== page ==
If you suspect one or more of these issues is behind your symptoms, reach out to us to schedule a consultation with one of our providers.
These issues tend to be the pillars underlying chronic gut health symptoms. They are associated with different names and diagnoses, like SIBO, irritable bowel syndrome, and ulcerative colitis. However, a treatment has to address the whole person to heal the root cause.
Diet for Restoring Gut Health
A healthy diet is the foundation for gut health. Once that foundation is in place, other therapies can be added if necessary.
There are many foods that can irritate and cause inflammation in the gut, so a healthy gut diet should focus on these key components:
- Reducing foods that cause dysbiosis or inflammation in the gut lining
- Sealing the tight junctions of the gut lining and healing leaky gut
- Promoting good bacteria in the colon
- Identifying which foods trigger your symptoms and avoiding them until you have created a more resilient gut environment.
At our clinic, we most often recommend a Paleo diet to achieve these goals. This type of diet prioritizes fresh fruits and vegetables and lean animal protein while eliminating processed foods, gluten-containing grains, and dairy products. Some non-gluten grains like rice may be okay for some individuals, but not always. Following this diet allows the gut to heal and inflammation to calm down so that you can rebuild a healthy microbiome (38, 39). Once your gut has healed, you may gradually reintroduce healthy foods that were previously causing symptoms.
Once you have your healthy diet in place, a good next step is adding probiotics to the mix.
Supporting Colon Health with Probiotics
There is now a significant body of research proving the effectiveness of probiotic supplementation — adding beneficial bacteria to the colon to balance the microbiome and create a gut environment that is less hospitable to pathogenic bacteria. Unlike colon hydrotherapy, probiotics have been shown to produce meaningful and lasting gut health benefits.
Probiotics help to:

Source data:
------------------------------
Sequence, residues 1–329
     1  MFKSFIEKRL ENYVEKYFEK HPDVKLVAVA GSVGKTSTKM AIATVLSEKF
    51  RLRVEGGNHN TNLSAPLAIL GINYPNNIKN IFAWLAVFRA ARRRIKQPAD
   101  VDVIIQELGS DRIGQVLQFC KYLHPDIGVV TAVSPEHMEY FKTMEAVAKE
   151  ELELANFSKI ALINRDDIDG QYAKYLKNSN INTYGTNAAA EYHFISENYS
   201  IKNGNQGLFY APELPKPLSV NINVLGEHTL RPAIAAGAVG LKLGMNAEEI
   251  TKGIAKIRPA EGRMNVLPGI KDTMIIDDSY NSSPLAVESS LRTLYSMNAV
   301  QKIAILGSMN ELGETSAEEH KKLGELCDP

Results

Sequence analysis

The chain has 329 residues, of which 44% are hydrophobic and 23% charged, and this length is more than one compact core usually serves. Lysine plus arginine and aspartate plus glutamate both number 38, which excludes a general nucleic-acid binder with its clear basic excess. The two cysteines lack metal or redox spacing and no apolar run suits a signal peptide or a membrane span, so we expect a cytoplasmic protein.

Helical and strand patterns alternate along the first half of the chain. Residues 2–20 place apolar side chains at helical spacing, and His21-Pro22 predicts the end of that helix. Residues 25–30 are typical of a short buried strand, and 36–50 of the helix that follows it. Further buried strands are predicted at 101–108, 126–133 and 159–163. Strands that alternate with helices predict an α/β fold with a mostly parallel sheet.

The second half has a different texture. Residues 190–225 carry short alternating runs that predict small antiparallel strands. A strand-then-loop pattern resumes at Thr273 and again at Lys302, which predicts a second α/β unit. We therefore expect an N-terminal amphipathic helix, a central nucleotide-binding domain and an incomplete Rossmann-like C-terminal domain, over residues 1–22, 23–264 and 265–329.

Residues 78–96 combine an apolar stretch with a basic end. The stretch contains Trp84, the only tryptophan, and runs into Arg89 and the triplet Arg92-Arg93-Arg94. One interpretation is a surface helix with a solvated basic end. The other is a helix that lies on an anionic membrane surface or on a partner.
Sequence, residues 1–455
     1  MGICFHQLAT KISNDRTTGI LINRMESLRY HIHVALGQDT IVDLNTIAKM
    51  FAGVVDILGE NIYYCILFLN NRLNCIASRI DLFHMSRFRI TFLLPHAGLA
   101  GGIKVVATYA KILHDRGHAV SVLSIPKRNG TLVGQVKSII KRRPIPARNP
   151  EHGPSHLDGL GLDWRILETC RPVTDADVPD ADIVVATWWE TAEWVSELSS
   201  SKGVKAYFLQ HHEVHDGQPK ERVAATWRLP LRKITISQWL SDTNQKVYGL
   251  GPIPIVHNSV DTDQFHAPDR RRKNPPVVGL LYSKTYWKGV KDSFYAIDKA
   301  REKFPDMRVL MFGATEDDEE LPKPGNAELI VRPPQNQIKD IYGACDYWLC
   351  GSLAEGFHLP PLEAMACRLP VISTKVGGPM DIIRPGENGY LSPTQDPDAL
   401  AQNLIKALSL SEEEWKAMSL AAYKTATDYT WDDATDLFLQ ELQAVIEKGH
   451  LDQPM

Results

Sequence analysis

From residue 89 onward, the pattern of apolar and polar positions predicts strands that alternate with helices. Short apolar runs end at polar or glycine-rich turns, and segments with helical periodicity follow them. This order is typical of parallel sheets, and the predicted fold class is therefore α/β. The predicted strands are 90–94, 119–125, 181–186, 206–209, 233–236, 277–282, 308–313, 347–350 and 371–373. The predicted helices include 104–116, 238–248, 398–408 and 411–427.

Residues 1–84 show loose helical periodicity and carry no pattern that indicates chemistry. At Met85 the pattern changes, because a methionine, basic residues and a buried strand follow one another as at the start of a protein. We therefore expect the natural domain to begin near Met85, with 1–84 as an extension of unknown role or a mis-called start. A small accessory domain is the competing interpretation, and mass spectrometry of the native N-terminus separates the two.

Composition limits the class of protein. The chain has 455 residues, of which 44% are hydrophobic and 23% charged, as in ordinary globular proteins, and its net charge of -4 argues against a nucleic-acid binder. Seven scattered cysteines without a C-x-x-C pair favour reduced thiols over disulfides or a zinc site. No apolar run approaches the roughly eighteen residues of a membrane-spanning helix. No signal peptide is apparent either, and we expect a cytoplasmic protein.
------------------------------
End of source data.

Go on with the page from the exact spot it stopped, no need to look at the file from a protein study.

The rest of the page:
- Relieve constipation, improve stool composition and frequency (40, 41, 42)
- Improve irritable bowel syndrome/IBS symptoms (43, 44, 45, 46, 47)
- Reduce bloating (41)
- Restore a healthy microbiome by increasing bacterial diversity (48)
- Reduce gut inflammation and improve immune system response (48, 49, 50)
- Reduce and repair damage done to the gut lining (51, 52, 53)
We have found that the best results occur with probiotics when you take multiple strains, usually:
- A Lactobacillus and Bifidobacteria blend, including species of probiotics such as Lactobacillus acidophilus and Bifidobacterium infantis
- Saccharomyces boulardii (a beneficial yeast)
- Soil-based probiotics, usually Bacillus species.
The effectiveness of combining multiple probiotic strains is supported by research. For example, a systematic review and meta-analysis found that multiple strain probiotics were more effective than single strain probiotics in the treatment of IBS (47).
If you’re still having gastrointestinal issues after modifying your diet and incorporating probiotics, there are other solutions besides colonics and colon cleansing practices.
Antimicrobial herbs like oil of oregano can help eliminate parasites and bad bacteria wherever they reside in the digestive system, as well as reduce inflammation (54).
The key when testing out new therapies is to go slow, evaluate your progress, and try something new when you need to. Everyone’s progress with gut healing is different, and it’s not usually a linear journey. But following these evidence-based protocols is the most effective use of your time and money to propel you forward towards better health.
The Verdict on Colonic Hydrotherapy
Colonics, colon cleanses, or colonic hydrotherapy are scientifically unproven and can even have some dangerous consequences and side effects. You are much better off addressing the root cause of your gut health issues, changing your diet, incorporating probiotic therapy, and addressing pathogens where necessary with targeted antimicrobials.
Still, figuring out what the root cause of your gut imbalance is can certainly be a challenge. If you need guidance on the next steps in your healing journey, please reach out to us to schedule a consultation with one of our integrative health practitioners.